Hart next tried offering these participants the choice between a low dose of meth and a small monetary voucher, at different times of day. The prediction was that, meth being a potent reinforcer, users would take it compulsively; what he found was that people would take it in the morning but not in the evening, when it would stop them sleeping -- using it to get through the day in the same way office workers self-administer caffeine; and if the monetary reward was large enough, they would pass up the dose. These findings call into question the notion that addiction is driven by the reward of a chemically induced euphoria and that meth -- legally prescribed to treat ADHD, narcolepsy and obesity -- is the destructive drug so maligned by the NIDA and the popular press. Hart's conclusion was that his subjects were indeed making rational choices about their drug use.
When they were presented [with physical exercise instructions] in an easy-to-read print font (Arial), readers assumed that the exercise would take 8.2 minutes to complete; but when they were presented in a difficult-to-read print font, readers assumed it would take nearly twice as long, a full 15.1 minutes (Song & Schwarz, 2008b). They also thought that the exercise would flow quite naturally when the font was easy to read, but feared that it would drag on when it was difficult to read.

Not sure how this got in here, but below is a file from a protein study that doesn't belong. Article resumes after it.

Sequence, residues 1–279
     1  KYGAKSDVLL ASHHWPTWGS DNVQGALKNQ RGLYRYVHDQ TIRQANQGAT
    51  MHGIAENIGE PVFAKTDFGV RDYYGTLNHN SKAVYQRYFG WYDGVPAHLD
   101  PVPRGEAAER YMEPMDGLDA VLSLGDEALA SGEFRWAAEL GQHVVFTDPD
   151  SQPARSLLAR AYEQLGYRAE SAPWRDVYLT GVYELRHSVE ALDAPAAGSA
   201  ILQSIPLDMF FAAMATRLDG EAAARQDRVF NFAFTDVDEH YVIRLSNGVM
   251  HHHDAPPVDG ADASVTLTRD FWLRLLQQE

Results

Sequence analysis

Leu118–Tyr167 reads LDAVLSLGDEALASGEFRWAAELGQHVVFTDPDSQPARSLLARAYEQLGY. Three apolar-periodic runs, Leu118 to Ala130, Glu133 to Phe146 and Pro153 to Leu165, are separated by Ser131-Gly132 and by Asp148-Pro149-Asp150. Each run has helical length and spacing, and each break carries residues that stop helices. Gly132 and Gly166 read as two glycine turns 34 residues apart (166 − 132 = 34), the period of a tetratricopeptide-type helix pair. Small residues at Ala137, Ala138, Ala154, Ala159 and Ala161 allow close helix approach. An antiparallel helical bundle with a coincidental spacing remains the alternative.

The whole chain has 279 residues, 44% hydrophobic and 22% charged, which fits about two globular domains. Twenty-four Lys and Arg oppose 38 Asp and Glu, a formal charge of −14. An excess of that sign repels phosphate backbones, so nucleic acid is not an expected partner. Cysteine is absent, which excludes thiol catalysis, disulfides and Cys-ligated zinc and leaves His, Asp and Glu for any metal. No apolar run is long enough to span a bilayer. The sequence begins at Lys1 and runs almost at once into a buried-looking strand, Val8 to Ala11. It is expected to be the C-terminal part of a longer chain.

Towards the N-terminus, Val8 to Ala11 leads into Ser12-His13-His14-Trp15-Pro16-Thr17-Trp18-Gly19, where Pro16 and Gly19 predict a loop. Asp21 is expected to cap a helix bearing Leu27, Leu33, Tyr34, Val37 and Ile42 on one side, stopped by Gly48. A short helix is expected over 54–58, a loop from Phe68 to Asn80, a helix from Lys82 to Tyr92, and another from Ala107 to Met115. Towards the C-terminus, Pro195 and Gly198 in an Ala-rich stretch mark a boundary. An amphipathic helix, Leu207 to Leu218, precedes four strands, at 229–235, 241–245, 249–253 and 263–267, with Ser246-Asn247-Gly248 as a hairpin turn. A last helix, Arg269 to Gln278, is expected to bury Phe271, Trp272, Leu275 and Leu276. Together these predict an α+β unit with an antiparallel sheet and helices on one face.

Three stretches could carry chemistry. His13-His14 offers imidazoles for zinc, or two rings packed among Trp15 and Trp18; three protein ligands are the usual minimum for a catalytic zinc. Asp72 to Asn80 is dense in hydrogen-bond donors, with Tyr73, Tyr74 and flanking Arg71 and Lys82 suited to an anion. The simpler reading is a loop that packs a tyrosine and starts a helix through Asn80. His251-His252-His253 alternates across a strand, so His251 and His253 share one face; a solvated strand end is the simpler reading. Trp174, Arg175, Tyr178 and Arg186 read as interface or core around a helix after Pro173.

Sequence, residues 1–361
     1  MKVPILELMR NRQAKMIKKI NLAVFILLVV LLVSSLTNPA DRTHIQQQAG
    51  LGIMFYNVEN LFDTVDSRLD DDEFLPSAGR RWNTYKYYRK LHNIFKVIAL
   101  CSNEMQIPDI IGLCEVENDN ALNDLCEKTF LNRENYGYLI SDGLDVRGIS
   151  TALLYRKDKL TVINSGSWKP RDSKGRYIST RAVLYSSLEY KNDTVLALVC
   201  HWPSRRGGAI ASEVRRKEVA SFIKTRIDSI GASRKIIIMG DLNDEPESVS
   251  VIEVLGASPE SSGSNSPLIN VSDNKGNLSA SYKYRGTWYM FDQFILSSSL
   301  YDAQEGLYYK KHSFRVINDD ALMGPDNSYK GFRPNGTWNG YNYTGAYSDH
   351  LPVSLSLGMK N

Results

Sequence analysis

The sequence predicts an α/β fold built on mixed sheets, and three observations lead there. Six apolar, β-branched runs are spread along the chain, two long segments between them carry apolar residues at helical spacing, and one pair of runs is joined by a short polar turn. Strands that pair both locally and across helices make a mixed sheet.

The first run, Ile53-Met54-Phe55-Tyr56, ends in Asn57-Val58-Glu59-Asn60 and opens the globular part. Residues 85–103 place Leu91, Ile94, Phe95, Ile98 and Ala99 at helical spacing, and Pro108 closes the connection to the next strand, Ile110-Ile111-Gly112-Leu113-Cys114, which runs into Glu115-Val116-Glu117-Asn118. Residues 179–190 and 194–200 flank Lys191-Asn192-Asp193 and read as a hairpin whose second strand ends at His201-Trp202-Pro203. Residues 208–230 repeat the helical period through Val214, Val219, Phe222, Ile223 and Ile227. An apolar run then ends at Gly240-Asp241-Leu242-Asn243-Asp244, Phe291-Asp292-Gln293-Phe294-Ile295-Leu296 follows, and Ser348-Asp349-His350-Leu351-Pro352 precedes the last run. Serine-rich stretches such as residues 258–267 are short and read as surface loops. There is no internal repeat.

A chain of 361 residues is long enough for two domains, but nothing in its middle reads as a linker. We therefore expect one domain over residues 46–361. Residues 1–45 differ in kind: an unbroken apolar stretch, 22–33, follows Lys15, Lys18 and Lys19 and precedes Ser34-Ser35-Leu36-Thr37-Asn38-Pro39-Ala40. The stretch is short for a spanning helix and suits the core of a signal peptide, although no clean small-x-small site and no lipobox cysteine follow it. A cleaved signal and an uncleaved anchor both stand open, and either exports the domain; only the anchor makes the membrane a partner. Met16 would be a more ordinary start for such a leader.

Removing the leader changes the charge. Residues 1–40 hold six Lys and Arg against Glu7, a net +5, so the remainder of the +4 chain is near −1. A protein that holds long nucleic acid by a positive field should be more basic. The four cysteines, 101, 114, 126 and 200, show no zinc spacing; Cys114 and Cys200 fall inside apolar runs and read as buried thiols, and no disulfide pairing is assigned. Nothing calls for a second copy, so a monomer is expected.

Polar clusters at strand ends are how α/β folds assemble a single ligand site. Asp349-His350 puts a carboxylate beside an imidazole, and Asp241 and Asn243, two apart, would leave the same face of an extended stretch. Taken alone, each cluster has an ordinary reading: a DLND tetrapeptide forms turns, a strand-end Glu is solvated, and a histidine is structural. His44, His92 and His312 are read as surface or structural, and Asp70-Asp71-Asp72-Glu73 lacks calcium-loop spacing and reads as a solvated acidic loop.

Via Valerie Hajdik
Can you think yourself to orgasm? Does orgasm boost fertility? Is your clitoris just a mini penis? Can the dead get erections? Why does Viagra only work for men? Expanding on a talk she presented at the Ted Conference in 2009, Mary Roach, author of Bonk: The Curious Coupling of Science and Sex, will take us on a droll journey, with detours through barnyards and laboratories, through our understandings and misunderstandings of our sexual parts, their relationship to our minds, and the techniques of the scientists who have studied them.
Via Safire L.